First, make Lent primarily about Jesus, not just ‘giving up’ something. Too often this season becomes more about what we’re giving up, than who it is about. Lent is a ‘means of grace’ to draw us closer to Jesus. Make growing in relationship with him your goal. What would that look like for you? Maybe carve out extra time on Saturday mornings for reading a book on the cross, such as John Stott’s classic, The Cross of Christ or CJ Mahaney’s, Living the Cross Centered Life. Or, re-boot your Bible reading by taking in Jesus’ life through Matthew, Mark, Luke and John. Or, meet with a group every week to talk about the gospel and its implications in our lives. Or, you could follow along with this excellent devotional called, Journey to the Cross: Reading and Devotions for Lent. Each daily devotion includes a call to worship, confession, contemplation and closing prayer.

Second, a significant aspect of Lent is heartfelt repentance over sin. Take time to consider what is keeping you from him. Don’t rush this. Find a comfortable space where you won’t be interrupted. Keep a journal. Ask the Spirit to highlight areas of sinful unbelief and then bring them to Jesus for forgiveness and renewed faith. If you have little joy or interest in the things of God, consider why that is. Are there areas of your life that are off-limits to Him? What is it that you treasure more than Him? What aspects of the world are more attractive to you than He is? Are you struggling in the dark? Don’t be afraid to go there. He already knows, but loves you too much to let you stay there. His ocean of grace awaits. Involve others too. And remember, as the Scottish pastor Robert Murray McCheyne said, “For every look at yourself, take ten looks at Christ.”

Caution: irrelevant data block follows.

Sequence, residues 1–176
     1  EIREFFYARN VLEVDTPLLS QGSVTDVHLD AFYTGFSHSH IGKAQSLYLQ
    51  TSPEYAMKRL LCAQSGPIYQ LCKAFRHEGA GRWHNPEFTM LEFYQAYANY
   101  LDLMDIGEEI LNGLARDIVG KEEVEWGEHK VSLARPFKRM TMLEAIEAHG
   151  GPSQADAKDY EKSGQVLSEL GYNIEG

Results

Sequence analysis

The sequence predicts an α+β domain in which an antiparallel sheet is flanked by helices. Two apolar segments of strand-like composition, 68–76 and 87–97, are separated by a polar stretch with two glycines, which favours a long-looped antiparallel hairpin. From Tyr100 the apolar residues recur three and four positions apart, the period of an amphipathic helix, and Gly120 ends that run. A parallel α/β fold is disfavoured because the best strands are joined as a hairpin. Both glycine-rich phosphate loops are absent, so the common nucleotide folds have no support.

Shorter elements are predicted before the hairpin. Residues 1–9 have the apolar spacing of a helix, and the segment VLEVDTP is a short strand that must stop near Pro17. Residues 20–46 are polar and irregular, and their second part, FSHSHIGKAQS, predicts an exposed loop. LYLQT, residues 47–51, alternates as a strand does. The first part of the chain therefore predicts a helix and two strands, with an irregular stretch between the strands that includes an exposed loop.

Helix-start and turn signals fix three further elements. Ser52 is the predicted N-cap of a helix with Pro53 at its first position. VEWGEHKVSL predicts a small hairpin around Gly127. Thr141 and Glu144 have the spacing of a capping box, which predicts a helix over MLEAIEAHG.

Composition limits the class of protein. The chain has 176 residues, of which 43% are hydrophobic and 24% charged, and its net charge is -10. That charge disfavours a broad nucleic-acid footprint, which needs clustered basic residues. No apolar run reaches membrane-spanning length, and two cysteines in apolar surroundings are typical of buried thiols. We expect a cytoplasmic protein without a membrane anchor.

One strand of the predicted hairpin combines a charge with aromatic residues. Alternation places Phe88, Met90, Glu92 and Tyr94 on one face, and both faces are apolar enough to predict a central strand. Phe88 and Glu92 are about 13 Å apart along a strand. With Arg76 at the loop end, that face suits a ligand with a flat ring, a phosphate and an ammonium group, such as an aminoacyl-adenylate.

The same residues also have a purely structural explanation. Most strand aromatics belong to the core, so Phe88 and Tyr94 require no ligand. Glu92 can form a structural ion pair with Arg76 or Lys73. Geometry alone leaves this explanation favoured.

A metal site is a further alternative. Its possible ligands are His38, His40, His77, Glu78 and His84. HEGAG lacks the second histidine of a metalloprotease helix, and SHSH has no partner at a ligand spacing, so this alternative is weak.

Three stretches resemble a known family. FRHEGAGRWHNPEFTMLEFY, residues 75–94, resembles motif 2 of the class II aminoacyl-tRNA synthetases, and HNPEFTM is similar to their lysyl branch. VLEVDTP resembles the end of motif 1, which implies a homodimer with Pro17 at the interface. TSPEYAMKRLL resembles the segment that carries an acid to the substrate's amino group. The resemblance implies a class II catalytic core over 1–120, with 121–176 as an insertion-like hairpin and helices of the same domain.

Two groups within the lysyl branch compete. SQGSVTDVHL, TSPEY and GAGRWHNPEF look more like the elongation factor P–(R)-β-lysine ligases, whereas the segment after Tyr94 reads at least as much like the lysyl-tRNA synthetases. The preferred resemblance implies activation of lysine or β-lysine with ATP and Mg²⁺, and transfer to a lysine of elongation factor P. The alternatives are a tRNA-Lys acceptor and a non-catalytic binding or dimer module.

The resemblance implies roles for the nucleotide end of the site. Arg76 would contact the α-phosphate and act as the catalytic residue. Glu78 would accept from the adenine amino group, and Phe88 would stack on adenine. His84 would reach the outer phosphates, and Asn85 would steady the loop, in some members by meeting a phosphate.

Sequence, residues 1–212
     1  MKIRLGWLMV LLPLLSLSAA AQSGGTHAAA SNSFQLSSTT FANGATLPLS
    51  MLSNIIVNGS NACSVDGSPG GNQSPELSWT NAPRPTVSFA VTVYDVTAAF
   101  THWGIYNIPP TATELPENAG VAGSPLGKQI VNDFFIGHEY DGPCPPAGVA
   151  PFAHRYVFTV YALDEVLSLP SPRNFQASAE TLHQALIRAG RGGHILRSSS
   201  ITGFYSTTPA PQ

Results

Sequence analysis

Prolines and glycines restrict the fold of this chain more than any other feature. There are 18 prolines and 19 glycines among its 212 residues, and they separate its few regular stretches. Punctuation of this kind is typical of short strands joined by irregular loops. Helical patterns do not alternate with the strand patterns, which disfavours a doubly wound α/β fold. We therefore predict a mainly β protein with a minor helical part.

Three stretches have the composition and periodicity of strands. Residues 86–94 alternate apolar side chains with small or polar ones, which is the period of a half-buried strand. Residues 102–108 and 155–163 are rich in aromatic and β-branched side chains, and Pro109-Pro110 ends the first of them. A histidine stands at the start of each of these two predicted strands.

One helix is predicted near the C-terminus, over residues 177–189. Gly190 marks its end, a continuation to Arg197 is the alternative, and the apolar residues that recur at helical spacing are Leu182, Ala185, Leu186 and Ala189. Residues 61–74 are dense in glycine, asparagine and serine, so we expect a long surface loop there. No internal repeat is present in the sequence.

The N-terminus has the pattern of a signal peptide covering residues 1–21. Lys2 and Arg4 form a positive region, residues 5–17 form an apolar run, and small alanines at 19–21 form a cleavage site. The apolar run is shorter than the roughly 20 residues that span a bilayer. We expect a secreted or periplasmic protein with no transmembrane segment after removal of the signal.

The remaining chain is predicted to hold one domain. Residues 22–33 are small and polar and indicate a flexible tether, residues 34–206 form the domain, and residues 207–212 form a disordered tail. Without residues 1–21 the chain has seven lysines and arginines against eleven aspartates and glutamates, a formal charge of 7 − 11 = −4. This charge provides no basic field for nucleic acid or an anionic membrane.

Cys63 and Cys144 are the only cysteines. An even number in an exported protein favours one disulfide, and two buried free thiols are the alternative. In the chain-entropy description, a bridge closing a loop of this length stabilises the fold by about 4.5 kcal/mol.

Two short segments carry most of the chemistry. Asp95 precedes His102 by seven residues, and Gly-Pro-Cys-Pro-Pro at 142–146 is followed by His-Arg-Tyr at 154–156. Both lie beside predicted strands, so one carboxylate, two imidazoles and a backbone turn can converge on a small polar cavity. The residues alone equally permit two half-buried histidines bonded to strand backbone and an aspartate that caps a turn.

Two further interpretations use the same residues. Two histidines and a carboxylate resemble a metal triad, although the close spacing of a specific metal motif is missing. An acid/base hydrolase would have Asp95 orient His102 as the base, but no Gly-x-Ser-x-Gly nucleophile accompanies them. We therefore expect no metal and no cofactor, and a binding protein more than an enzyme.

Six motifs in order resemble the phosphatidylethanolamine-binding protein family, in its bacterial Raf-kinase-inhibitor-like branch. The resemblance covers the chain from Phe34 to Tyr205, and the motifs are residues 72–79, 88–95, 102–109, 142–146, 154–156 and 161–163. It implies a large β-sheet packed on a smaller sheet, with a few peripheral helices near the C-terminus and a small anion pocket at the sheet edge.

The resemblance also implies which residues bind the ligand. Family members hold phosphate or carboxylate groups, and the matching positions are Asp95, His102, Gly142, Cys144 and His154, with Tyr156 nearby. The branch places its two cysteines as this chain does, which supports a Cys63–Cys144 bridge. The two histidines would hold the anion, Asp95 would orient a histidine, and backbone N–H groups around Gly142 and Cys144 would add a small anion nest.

Third, Lent is traditionally a time when fasting is common and helpful, provided that stoking your affections for Jesus is your primary goal. Letting go of things that are dear to us for a season often reveals much about ourselves that we never knew was there. Fasting highlights our mortality and our absolute dependency. Ultimately, it points us to God who alone can satisfy all of the deepest longings of our hearts. Fasting, or ‘giving things up’, for Lent may look like a lot of things. You could give up food for one, two, three days or more. I have a friend who does a juice fast (fasting from everything but hearty juices) for the entirety of Lent. Or, you could fast from social media, technology, or tv. Or, you could fast from certain spending habits and use that money to serve others. Talk to others and see what they’re doing. John Piper’s book on fasting called, A Hunger for God, is an excellent resource.